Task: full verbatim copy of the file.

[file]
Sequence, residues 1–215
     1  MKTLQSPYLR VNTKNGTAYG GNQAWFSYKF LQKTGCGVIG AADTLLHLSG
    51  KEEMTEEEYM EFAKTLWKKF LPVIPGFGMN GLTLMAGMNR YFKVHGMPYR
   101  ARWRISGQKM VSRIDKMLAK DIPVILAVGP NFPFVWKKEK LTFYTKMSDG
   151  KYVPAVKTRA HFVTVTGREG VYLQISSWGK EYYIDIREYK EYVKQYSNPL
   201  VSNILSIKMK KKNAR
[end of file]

Sequence, residues 1–215
     1  MKTLQSPYLR VNTKNGTAYG GNQAWFSYKF LQKTGCGVIG AADTLLHLSG
    51  KEEMTEEEYM EFAKTLWKKF LPVIPGFGMN GLTLMAGMNR YFKVHGMPYR
   101  ARWRISGQKM VSRIDKMLAK DIPVILAVGP NFPFVWKKEK LTFYTKMSDG
   151  KYVPAVKTRA HFVTVTGREG VYLQISSWGK EYYIDIREYK EYVKQYSNPL
   201  VSNILSIKMK KKNAR